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Jax Daily Record Monday, Feb. 17, 202005:10 AM EST

Minority women can get a double dose of bias in the legal profession

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Duval County Judge Pauline Drake offers insights to the Jacksonville Women Lawyers Association.
by: Max Marbut Associate Editor

When members and guests arrived at The River Club Feb. 13 for the Jacksonville Women Lawyers Association meeting, each found an apple at their place setting.

It wasn’t because the keynote speaker, Duval County Judge Pauline Drake, was a teacher before she went to law school. It was because Drake used the apples to illustrate the theme of her presentation, “Intersectionality: Exploring the double burden of racial and gender bias in the legal profession.”

Drake asked a few people to describe their apple, and each described the shape and color.

That’s the point, Drake said: Only so much can be known by evaluating the apple by its appearance alone, and it’s what’s inside that counts.

People, too, can be evaluated merely by appearance and, “It’s like when you walk into a room, each has different experiences,” Drake said.

She then moderated a panel discussion of gender and racial bias in the legal profession, expressed by five black women lawyers:

Duval County Judge Pauline Drake used an apple to illustrate the theme of the Jacksonville Women Lawyers Association's discussion at its meeting Feb. 13 at The River Club.

Assistant State Attorney LaTesha Campbell; Amber Donley, a sole practitioner; Courtney Gilchrest, an associate attorney with Farah & Farah; Arden Joseph, senior corporate counsel with Deutsche Bank; and Latoya Willams Shelton, a sole practitioner and president of the D.W. Perkins Bar Association.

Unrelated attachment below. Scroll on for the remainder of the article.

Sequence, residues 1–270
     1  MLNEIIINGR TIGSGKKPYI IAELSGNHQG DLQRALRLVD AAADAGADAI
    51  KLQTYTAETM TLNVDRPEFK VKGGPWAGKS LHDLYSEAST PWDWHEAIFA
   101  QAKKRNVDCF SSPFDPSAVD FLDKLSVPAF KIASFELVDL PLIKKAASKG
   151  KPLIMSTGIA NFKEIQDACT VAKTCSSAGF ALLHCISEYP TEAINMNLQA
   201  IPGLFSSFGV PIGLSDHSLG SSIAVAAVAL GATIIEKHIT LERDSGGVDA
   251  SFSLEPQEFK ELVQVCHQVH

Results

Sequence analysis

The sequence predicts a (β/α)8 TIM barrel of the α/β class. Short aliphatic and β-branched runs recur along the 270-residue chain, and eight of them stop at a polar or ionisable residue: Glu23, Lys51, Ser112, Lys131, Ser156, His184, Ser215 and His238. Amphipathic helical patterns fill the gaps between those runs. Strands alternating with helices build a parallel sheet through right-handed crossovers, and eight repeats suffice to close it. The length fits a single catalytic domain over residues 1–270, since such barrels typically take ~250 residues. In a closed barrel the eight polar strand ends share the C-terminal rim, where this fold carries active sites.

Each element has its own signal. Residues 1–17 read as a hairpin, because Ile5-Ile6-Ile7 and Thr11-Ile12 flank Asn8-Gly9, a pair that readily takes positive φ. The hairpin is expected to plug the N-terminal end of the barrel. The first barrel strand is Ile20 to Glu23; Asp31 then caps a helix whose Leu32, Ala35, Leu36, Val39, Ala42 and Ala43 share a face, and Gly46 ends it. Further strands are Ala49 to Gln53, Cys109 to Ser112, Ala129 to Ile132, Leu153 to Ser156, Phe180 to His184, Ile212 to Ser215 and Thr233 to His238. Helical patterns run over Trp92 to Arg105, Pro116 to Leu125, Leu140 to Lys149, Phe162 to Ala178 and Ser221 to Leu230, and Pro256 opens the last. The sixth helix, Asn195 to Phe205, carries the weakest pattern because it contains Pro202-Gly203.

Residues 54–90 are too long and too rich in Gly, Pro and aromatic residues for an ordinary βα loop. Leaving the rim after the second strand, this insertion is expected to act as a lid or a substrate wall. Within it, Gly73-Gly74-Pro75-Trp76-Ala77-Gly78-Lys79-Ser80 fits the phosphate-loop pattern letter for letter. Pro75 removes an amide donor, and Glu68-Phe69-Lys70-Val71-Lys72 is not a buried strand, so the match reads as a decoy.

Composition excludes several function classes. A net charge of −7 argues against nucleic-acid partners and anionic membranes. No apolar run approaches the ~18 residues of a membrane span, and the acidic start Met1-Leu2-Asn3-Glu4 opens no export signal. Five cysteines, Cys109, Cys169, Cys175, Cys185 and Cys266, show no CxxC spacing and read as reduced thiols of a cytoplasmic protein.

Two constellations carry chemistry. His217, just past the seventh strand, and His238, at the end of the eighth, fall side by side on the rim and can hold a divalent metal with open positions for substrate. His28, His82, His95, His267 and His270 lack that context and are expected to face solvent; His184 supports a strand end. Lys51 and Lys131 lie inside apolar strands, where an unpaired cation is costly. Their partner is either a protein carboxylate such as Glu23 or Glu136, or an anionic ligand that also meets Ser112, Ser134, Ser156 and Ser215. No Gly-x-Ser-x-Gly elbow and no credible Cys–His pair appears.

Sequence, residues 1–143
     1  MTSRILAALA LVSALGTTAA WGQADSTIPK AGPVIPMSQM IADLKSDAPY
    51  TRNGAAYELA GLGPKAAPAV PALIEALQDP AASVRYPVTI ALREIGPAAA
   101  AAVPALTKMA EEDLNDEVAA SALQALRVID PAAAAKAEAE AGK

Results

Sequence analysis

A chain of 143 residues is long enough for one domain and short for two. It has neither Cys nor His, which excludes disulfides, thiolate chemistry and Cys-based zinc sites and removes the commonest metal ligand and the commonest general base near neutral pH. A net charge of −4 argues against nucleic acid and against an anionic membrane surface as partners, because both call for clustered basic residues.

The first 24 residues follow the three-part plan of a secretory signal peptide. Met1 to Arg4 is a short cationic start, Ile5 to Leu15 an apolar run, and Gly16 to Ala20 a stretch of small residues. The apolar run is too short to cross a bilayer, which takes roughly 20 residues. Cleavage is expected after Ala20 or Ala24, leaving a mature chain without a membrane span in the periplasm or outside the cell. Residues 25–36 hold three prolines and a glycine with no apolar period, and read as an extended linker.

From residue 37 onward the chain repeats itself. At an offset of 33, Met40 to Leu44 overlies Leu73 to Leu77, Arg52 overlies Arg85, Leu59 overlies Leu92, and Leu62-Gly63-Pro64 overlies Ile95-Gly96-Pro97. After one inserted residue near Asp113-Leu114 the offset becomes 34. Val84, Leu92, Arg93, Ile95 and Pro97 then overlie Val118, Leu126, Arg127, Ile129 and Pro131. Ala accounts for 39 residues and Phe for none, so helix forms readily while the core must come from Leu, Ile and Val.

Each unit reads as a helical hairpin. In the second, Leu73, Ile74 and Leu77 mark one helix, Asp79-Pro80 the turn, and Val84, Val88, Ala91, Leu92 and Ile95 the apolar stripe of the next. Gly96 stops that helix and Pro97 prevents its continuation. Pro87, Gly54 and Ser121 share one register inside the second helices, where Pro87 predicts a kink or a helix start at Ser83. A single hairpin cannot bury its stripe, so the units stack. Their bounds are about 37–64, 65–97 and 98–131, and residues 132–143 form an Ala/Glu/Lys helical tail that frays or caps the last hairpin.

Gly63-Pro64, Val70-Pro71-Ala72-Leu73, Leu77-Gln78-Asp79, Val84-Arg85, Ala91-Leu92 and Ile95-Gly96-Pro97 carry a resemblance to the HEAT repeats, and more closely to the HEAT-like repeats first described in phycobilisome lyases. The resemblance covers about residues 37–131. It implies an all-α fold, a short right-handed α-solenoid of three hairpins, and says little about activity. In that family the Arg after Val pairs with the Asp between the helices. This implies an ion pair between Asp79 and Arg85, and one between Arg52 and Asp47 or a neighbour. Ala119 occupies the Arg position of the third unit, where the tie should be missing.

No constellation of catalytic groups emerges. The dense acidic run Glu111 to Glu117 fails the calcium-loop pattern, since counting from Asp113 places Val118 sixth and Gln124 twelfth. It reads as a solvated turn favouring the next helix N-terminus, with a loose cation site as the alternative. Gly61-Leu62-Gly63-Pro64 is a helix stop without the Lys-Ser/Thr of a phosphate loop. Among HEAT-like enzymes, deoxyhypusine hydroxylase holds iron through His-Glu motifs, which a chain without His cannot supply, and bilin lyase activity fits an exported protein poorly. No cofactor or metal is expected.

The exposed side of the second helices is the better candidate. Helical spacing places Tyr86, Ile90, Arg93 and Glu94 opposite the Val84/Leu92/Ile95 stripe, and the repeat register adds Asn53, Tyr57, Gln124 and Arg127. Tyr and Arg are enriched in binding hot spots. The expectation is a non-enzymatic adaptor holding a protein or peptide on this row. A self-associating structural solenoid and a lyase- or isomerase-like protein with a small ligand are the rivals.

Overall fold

Though they practice in different fields and professional environments, the panel expressed similar experiences, such as being underestimated and opposing counsel not immediately recognizing their role they walked into a hearing or courtroom.

“My experience is people don't think I’m the attorney,” Joseph said.

“I’ve been mistaken for the court reporter. A judge one time told me to hush and opposing counsel called me ‘girl,’ ” Shelton said.

“Sometimes, opposing counsel don’t assume I’m a fierce advocate,” Campbell said.

Donley, a past president of the Perkins Bar, said she faced challenges recently when she opened her practice in Orange Park and purchased her office space.

“I haven’t met another African-American woman with her own practice in Clay County. I was told it was a good-old-boy network and I wouldn't be able to get clients. I’m fueled when people underestimate me. I can't be limited by other people’s expectations,” Donley said.

Drake said women have a great potential to network and should realize that it’s OK to have differences.

“But what’s not OK is to ignore the similarities. It’s the similarities that bring us together. We all went to law school. We all graduated from law school. We all passed the Bar,” she said.

“Surround yourself with people who will shape you and mold you,” Gilchrest said.

The value of having a mentor also was discussed.

“You need to have somebody you can talk to. They may see a different perspective,” Shelton said.

“And be a mentor. It goes both ways. Take a young attorney under your wing – and your mentor or your mentee doesn't have to look like you,” Campbell said.

 

 

 

 

 

 

 

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